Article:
The Lawletter Vol 41 No 10
On June 13, 2016, in Commonwealth of Puerto Rico v. Franklin California Tax-Free Trust, 136 S. Ct. 1938 (2016), the United States Supreme Court was asked to decide whether the Commonwealth of Puerto Rico should remain a "state" for purposes of 11 U.S.C. § 903(a), the subsection of Chapter 9 of the United States Bankruptcy Code that states that "a State law prescribing a method of composition of indebtedness of such municipality may not bind any creditor that does not consent to such composition." This issue came to the Court on an injunction proceeding by bondholders suing the Puerto Rico government to enjoin the application of the Puerto Rico Corporation Debt Enforcement and Recovery Act (the "Puerto Rico Act"). Enacted by Puerto Rico in an effort to deal with its extraordinary financial crisis and, specifically, to create its own bankruptcy scheme to restructure the debt of its insolvent public utilities. The bondholder's issue was presented in federal court notwithstanding an amendment to the Code to exclude Puerto Rico from the definition of a "state." See 11 U.S.C. § 101(52).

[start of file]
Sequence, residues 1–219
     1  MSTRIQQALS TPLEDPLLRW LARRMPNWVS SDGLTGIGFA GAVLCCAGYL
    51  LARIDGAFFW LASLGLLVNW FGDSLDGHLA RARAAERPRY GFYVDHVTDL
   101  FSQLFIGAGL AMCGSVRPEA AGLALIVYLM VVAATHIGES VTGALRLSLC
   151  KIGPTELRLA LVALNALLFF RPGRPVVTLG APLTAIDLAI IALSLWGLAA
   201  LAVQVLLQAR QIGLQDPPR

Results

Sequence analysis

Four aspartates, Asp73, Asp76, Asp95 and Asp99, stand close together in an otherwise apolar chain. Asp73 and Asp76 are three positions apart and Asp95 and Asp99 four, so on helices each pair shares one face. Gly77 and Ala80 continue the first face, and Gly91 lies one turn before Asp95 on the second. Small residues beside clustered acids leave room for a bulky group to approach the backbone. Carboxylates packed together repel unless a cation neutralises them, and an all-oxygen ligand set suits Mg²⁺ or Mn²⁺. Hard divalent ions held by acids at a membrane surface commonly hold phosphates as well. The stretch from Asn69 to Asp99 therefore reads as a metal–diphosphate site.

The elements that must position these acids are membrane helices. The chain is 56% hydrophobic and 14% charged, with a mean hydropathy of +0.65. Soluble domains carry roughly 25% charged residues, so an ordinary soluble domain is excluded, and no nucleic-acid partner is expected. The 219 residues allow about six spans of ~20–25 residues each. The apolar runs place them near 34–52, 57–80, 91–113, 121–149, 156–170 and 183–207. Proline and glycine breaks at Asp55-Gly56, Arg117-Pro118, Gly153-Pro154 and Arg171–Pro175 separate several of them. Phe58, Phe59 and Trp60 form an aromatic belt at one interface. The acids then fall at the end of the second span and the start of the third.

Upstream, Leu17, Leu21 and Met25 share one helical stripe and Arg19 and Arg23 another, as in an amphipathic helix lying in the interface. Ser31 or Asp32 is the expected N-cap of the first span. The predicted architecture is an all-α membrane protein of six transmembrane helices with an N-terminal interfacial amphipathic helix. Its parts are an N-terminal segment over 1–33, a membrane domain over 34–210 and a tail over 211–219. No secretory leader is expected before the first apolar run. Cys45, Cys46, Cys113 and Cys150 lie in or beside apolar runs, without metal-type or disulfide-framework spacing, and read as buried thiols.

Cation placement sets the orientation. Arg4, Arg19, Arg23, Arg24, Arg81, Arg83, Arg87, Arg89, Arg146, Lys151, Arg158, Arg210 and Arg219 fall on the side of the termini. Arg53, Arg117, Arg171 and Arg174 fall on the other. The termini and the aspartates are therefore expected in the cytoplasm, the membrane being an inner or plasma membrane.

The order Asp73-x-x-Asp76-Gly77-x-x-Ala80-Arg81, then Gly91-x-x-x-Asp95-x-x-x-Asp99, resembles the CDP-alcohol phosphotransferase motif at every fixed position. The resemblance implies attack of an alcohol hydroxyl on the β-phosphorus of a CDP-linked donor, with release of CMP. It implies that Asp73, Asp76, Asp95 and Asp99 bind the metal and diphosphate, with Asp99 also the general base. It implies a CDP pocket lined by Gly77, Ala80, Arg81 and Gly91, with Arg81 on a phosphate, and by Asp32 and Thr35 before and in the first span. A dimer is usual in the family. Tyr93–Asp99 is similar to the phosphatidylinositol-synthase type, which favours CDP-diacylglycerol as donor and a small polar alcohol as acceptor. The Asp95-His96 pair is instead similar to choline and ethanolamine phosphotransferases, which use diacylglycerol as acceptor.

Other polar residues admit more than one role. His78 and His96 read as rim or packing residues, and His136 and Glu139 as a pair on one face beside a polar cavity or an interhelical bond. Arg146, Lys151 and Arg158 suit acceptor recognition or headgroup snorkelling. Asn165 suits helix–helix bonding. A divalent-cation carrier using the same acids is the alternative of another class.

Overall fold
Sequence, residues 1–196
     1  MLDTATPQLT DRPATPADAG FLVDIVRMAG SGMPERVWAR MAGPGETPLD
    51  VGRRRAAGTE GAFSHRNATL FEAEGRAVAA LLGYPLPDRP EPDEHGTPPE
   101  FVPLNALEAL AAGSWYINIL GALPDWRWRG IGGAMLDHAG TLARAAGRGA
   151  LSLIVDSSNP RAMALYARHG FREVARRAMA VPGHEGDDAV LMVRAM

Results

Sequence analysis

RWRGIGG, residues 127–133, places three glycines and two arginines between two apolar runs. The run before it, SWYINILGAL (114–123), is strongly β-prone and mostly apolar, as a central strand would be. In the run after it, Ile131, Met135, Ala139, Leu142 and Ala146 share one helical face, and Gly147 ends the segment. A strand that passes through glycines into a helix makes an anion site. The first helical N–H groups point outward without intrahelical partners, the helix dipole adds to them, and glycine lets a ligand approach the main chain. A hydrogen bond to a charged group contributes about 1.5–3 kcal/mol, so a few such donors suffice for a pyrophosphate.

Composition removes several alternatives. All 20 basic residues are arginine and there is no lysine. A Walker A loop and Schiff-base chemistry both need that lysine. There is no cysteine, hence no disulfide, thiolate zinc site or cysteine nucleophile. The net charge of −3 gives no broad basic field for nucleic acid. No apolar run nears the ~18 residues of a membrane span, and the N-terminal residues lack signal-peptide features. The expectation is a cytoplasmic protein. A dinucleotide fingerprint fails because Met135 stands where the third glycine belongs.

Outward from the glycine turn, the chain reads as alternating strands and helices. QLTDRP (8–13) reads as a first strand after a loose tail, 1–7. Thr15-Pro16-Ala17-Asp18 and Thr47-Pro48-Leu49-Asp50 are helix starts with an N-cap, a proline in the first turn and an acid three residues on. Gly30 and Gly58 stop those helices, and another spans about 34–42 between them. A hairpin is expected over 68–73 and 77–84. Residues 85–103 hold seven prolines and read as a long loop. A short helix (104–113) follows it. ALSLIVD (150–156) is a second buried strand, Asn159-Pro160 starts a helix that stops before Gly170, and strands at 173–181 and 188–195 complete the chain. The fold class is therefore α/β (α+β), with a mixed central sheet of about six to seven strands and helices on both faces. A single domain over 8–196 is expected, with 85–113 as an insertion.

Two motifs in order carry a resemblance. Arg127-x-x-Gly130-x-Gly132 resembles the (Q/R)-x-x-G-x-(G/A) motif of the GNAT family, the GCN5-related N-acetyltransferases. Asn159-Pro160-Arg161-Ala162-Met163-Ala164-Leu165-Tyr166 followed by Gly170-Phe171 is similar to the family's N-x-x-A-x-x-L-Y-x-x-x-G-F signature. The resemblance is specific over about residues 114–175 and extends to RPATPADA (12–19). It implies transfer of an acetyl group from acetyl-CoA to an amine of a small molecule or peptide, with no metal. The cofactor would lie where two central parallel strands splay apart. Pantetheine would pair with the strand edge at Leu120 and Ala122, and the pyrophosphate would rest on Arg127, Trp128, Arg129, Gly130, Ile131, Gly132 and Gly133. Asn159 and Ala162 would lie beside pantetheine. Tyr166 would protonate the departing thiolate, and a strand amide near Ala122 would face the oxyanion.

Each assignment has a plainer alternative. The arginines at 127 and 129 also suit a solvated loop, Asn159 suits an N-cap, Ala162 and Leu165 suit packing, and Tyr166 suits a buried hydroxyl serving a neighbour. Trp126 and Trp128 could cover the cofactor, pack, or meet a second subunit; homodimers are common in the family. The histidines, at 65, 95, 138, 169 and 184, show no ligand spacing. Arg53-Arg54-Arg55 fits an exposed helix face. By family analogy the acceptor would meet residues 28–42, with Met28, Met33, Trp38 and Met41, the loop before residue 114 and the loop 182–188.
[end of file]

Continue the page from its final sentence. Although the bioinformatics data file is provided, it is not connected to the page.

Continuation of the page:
The U.S. Supreme Court held that Puerto Rico remained a "state" under 11 U.S.C. § 903(1) and concluded that, as such, federal bankruptcy law preempted the Puerto Rico Act. This meant that Puerto Rico could not enact laws that allowed for the nonconsensual restructuring of municipal debt. Further, while 11 U.S.C. § 101(52) provides that Puerto Rico is not a "state" for purposes of being a debtor under Chapter 9 of the Bankruptcy Code, it cannot enact its own municipal bankruptcy scheme.
On June 30, 2016, just two weeks after the U.S. Supreme Court decision, President Obama signed into law the bipartisan Puerto Rico Oversight, Management, and Economic Stability Act ("PROMESA") (Pub. L. No 114-187). The law imposed an immediate stay of all litigation over Puerto Rico's defaults and collection matters until February 15, 2017 and can be extended for up to 135 more days. The legislation requires the President to appoint members to a board to oversee Puerto Rico's debt restructuring efforts. The board will have broad authority in making fiscal decisions for the Puerto Rico government, and it can negotiate directly with the country's creditors.
Puerto Rico has been in a serious recession for almost 10 years, is experiencing more than $70 billion in debt, and has a poverty rate of 45%.